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Sea Turtle Hatching

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Kemp's ridley sea turtles

The Kemp's ridley sea turtle is the most critically endangered sea turtle in the world, and the Padre Island National Seashore is the most important Kemp's ridley nesting beach in the United States, in terms of the total number of nests located. Every year, the Kemp’s ridley sea turtles come back to nest and restore what was once a diminishing species. In an effort to save the species, eggs are collected, incubated and released at the Padre Island National Seashore.

Kemp’s ridley sea turtles are the smallest type of sea turtles ranging from 27 to 32 inches in size, and weighing up to 100 pounds. As hatchlings, the Kemp’s ridley sea turtles are dark gray in color and as they mature, their color changes to an olive green upper shell and yellow to tan underneath.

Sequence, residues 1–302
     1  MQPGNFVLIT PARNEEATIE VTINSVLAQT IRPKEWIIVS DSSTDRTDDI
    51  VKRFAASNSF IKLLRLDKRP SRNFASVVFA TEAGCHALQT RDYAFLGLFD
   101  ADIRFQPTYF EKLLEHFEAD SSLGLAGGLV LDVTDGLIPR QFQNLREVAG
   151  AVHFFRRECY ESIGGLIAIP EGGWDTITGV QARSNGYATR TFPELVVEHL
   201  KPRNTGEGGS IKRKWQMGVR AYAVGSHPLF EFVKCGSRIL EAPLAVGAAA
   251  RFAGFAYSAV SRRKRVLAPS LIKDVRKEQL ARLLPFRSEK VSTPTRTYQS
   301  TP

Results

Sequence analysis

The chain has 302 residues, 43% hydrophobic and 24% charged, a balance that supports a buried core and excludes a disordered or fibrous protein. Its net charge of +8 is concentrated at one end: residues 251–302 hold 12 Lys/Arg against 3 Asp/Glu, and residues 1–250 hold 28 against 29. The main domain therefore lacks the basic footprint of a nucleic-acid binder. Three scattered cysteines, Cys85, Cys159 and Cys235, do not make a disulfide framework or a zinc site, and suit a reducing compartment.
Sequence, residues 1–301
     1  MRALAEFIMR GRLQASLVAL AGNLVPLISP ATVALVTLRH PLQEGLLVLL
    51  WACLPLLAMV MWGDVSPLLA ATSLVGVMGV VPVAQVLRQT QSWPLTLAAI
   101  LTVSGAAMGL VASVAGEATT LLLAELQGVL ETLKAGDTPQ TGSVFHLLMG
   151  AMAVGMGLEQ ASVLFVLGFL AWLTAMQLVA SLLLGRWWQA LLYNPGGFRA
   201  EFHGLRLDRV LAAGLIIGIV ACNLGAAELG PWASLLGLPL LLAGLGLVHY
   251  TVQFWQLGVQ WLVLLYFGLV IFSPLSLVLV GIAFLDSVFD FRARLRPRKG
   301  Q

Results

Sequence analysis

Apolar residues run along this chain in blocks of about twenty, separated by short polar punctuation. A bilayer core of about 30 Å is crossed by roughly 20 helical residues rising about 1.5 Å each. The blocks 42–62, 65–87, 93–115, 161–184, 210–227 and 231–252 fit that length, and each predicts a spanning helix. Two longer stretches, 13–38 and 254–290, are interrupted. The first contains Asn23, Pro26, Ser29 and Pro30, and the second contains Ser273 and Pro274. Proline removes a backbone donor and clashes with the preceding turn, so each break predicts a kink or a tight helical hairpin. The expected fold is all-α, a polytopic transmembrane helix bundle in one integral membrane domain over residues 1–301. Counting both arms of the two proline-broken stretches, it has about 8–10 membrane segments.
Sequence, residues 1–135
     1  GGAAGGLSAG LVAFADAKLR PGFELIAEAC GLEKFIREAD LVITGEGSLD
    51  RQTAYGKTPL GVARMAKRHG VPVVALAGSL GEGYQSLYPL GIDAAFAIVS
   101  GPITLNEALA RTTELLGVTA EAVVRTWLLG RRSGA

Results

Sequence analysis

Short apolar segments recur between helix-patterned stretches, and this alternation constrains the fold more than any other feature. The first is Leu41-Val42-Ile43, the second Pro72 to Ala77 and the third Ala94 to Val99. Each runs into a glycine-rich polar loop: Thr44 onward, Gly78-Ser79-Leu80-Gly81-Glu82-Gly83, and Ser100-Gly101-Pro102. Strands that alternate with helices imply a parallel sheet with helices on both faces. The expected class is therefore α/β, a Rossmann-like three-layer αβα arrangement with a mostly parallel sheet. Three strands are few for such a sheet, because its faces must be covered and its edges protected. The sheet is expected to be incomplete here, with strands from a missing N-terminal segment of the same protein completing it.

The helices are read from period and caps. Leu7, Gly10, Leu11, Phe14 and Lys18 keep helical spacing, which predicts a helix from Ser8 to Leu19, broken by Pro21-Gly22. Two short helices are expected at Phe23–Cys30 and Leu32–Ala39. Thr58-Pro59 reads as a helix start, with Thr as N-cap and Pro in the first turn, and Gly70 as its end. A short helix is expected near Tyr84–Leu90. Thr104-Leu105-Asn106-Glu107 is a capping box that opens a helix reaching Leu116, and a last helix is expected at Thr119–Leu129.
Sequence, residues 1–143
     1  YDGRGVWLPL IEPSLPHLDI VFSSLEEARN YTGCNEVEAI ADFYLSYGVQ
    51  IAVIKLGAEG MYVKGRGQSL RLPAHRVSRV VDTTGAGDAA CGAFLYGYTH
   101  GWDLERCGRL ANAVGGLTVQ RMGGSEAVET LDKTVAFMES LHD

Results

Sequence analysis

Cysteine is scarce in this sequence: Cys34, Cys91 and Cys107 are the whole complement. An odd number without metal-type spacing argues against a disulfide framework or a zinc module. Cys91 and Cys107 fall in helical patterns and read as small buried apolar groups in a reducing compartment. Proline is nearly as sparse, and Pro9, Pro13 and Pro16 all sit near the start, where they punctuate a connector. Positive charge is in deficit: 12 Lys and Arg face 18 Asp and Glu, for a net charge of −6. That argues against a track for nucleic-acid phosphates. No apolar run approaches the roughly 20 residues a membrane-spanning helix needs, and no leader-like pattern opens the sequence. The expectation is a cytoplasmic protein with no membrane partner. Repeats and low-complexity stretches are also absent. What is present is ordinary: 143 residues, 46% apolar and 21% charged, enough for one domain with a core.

Kemp’s ridley sea turtles prefer the open ocean and gulf waters as a habitat. The male sea turtles spend their entire lives at sea, while the females only come ashore to lay their eggs in the beach sand. The nesting season for Kemp’s is from April to Mid-July, in which the Kemp’s ridley sea turtle will crawl up the beach, dig a hole in the sand with their rear flippers, deposit the eggs into the hole, cover the nest, and return to the ocean.

For information about upcoming hatchling releases during the nesting season from April to Mid July, call the Hatchling Hotline (361-949-7163).

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